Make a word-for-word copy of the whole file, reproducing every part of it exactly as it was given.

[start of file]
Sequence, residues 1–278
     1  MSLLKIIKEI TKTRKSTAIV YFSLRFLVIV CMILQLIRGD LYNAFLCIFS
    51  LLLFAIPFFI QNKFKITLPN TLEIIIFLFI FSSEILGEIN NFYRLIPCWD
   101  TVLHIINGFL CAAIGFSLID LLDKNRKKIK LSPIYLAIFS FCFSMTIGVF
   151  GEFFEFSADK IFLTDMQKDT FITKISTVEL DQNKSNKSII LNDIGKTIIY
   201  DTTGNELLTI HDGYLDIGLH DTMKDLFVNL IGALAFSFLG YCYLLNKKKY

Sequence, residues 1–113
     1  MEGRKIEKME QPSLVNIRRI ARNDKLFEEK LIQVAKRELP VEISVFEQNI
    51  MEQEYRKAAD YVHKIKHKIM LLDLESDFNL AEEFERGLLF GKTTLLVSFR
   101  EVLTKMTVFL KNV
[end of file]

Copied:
Sequence, residues 1–278
     1  MSLLKIIKEI TKTRKSTAIV YFSLRFLVIV CMILQLIRGD LYNAFLCIFS
    51  LLLFAIPFFI QNKFKITLPN TLEIIIFLFI FSSEILGEIN NFYRLIPCWD
   101  TVLHIINGFL CAAIGFSLID LLDKNRKKIK LSPIYLAIFS FCFSMTIGVF
   151  GEFFEFSADK IFLTDMQKDT FITKISTVEL DQNKSNKSII LNDIGKTIIY
   201  DTTGNELLTI HDGYLDIGLH DTMKDLFVNL IGALAFSFLG YCYLLNKKKY

Sequence, residues 1–113
     1  MEGRKIEKME QPSLVNIRRI ARNDKLFEEK LIQVAKRELP VEISVFEQNI
    51  MEQEYRKAAD YVHKIKHKIM LLDLESDFNL AEEFERGLLF GKTTLLVSFR
   101  EVLTKMTVFL KNV